It's easy to mind the label when you're just popping an aspirin for a sprained ankle. If you're taking an entire regimen of pills, however, or if you're frequently put on intravenous fluids, it can be harder to keep track of safe and accurate dosages. Here are just a few reasons why you should be keeping an eye on the bottle or bag.
This is the most obvious reason to pay attention to your medication. Accidental overdoses are a problem in both home- and hospital-based healthcare, and bad reactions to IV drugs account for 60 percent of life-threatening complications among hospital patients. The good news is that it's entirely possible to sidestep this statistic. Just remain vigilant about your dosages, and don't take for granted that your nurses are paying attention like you are. Double-check their work. Speak up if something is wrong.
Tracking and recording your dosages can reveal important information about your medical condition. For example, if a drug starts increasing your white cell count after three days of using it, that might say something about the progression of your cancer. If you start to experience side effects after a certain amount of insulin, you'll need to lower the milligrams to manage your diabetes.
Increasing Comfort and Convenience
There are numerous drawbacks to constantly worrying about your dosages. Fortunately, there are ways to simplify the process. Things like smart IV pumps can deliver both primary and secondary IV fluids on a set schedule, so you won't have to fuss with tubes when it's time to make the switch. They can also be auto-programmed for things like dosage documentation, so you won't need to concern yourself with tracking the relevant data.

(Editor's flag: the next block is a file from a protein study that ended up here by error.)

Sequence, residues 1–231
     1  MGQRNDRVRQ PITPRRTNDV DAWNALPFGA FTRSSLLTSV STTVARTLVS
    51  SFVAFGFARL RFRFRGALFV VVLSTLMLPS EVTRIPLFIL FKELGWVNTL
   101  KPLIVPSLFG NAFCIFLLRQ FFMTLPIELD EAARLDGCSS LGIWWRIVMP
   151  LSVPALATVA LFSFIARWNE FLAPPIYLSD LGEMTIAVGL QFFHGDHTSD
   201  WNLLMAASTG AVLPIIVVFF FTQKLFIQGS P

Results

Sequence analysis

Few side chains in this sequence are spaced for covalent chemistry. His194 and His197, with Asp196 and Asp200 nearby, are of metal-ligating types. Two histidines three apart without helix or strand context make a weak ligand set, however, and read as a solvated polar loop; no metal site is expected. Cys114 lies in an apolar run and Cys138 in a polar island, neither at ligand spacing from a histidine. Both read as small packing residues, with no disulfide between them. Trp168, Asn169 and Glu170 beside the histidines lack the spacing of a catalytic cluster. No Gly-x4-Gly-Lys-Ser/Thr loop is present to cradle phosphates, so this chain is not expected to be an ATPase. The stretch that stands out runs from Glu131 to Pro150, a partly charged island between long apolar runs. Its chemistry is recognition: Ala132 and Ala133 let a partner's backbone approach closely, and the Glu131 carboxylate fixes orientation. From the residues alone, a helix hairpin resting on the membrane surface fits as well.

There's always a risk of dependency when you take something like prescription pain medication, so you'll need to be cautious with both your dosages and your dosage times. Don't take more pills than you need, and wait until the proper amount of time has passed before you pop open the bottle again. If the label says that you're only meant to take them every six hours, don't cheat and take them at five-and-a-half hours. Little indulgences can turn into serious addictions.
These are just a few reasons to pay attention to your dosages. Whether you're taking over-the-counter medication for a cold or receiving intravenous fluids for a serious medical condition, your dosages should always be carefully monitored and recorded. Your health is too important to leave it to chance.
By Rachelle Wilber
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